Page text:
Statewide Course Numbering System offers seamless transition for students in Florida

The Statewide Course Numbering System (SCNS) is an integral piece in Florida's K-20 system of articulation. This seamless system of articulation has been in place since the 1960s, and provides a database of post-secondary vocational courses at technical centers, community colleges, universities, and participating nonpublic institutions. Central to the system is its effort to assign numbers, describe course content to improve research, assist program planning, and facilitate seamless transition of courses for students transferring among various colleges. (Source: www.scns.fldoe.org).

In Florida, the effort to better align, classify and define existing courses as well as new discipline areas of engineering technology began in Fall 2007. According to FLATE’s Executive Director, Dr. Marilyn Barger, “FLATE’s efforts to develop the new A.S. degree in engineering technology served as a strong impetus for this reform activity at the state level, and continues to play an important role in the processes.” FLATE’s objective is to make engineering technology education through the state college system unified in all aspects so it is easy for all stakeholders (students, employers, educators). The review and reorganization of the SCNS ET disciplines is just one activity FLATE has undertaken to reach this goal.

Participants at the ET Forum

 In a special ongoing effort since early 2008, the division in the department of education that oversees state post-secondary courses/course numbers began a comprehensive look at several discipline areas including engineering technology education. The objective of the project was to move courses to discipline areas that better define them; consolidate redundant courses, review and update discipline area descriptions/definitions, and reorganize the discipline areas which are subsets of another. The new definition for the engineering technology discipline area and thereafter all courses associated with applied engineering focuses on the practical aspects of the specific technical disciplines preparing students to do one or more of the following: analyze, assemble, design, fabricate, install, operate, troubleshoot, maintain, and manage engineering and related systems.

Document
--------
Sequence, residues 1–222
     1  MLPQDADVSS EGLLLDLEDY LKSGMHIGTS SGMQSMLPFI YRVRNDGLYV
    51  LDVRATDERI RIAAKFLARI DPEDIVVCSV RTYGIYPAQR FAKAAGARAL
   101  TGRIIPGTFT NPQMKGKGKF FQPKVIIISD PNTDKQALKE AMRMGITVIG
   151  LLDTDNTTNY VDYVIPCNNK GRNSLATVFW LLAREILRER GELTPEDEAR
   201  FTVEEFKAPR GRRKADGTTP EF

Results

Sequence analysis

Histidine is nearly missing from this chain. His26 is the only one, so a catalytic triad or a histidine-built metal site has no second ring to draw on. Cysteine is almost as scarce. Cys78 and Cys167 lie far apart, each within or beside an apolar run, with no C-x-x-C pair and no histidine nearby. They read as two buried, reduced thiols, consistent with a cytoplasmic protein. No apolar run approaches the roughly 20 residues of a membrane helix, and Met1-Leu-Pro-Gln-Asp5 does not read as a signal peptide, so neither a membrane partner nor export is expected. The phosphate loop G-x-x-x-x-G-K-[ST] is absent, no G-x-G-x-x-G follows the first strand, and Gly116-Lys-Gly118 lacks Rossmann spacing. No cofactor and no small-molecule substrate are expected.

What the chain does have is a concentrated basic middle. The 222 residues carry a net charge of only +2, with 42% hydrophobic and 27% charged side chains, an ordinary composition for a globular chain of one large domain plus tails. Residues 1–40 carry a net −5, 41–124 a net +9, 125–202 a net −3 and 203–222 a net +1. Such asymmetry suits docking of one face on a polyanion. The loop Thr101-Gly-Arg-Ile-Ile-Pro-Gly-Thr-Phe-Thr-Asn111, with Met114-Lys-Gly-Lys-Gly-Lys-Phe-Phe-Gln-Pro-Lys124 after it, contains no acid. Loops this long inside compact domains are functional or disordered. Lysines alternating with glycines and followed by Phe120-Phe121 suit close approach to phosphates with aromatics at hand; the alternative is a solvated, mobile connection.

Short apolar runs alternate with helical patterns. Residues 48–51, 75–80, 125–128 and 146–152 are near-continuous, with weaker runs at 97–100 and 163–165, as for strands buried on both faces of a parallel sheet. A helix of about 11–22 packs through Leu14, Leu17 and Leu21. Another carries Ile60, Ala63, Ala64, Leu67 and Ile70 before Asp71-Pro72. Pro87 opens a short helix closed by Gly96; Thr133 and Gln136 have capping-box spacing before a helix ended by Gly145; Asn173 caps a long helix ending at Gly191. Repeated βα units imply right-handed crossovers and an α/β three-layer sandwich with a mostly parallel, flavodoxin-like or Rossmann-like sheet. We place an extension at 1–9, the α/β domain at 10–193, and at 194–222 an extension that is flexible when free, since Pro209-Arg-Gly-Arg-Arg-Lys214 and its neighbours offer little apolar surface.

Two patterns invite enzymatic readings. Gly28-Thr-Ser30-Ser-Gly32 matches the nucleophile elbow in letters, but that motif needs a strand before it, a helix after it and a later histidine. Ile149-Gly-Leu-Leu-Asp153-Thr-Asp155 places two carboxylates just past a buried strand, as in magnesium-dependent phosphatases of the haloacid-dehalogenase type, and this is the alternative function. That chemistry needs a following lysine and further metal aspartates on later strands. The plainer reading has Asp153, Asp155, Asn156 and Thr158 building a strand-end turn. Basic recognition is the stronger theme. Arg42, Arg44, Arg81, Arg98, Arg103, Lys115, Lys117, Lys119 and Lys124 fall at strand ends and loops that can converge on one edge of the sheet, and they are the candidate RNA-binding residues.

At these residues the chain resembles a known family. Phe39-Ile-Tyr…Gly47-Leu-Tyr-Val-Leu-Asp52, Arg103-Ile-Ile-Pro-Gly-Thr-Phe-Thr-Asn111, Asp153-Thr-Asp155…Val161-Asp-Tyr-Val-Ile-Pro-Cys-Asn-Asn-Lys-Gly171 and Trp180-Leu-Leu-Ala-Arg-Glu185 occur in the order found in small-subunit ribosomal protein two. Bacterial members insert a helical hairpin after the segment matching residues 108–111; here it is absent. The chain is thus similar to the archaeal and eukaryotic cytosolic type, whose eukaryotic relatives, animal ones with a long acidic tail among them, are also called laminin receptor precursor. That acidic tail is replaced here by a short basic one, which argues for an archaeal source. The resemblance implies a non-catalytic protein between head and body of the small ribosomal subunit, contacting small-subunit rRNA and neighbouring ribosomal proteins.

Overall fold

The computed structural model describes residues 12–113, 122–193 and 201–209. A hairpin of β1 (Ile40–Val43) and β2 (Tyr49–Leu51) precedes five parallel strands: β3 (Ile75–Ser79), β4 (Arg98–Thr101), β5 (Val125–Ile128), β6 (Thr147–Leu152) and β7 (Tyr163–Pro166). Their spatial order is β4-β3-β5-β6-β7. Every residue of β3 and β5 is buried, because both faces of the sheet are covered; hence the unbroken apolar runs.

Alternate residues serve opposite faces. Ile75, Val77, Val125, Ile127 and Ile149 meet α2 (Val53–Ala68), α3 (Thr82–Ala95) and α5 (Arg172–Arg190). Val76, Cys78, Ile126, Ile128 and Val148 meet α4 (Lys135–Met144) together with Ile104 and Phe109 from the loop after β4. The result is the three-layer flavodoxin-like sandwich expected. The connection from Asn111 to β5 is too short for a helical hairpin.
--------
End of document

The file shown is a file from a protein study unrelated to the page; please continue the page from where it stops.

FLATE, together with the ET Forum, played a crucial part in working with the state to redefine the discipline definition, rewrite all ET course prefix definitions and reclassify them in a more organized manner. Brad Jenkins, program manager for the engineering technology degree at St. Petersburg College and one of the SCNS state coordinators for aligning the numbering for the EET, EST and ETI courses under the engineering technology discipline says the initiative is a leap in the right direction as “it gives all colleges that have adopted the ET degree a chance to change their numbers and align it with the new course numbering system.”

Jenkins points to several benefits the reorganization will have students, educators and employers. The biggest advantage for educators, he says, is not reinventing the wheel, rather “adding specialties and aligning them within the frameworks of the ET degree.” It makes a nice fit for students as well. In that the articulation will be straightforward, and students won’t lose credits while transferring between colleges. “We also hope the reorganized and redefined system will simplify recruiting for our industry partners who employ our students” Jenkins said.

The proposed changes were approved by SCNS and the Florida Department of Education in April 2010, and will be implemented in Aug. 2011. For more information visit http://scns.fldoe.org, or contact Brad Jenkins at jenkinsb@spcollege.edu and Dr. Marilyn Barger at barger@fl-ate.org.